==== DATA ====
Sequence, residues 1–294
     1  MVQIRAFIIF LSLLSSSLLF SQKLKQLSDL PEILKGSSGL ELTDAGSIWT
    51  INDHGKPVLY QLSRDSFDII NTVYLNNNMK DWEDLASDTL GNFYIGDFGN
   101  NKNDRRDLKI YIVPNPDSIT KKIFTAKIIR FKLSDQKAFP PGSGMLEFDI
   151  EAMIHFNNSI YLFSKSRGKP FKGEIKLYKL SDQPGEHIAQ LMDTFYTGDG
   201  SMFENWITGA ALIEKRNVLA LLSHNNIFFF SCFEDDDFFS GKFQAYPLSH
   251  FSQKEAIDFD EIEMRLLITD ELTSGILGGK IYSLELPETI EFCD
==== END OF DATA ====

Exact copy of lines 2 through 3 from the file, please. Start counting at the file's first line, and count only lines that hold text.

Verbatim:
     1  MVQIRAFIIF LSLLSSSLLF SQKLKQLSDL PEILKGSSGL ELTDAGSIWT
    51  INDHGKPVLY QLSRDSFDII NTVYLNNNMK DWEDLASDTL GNFYIGDFGN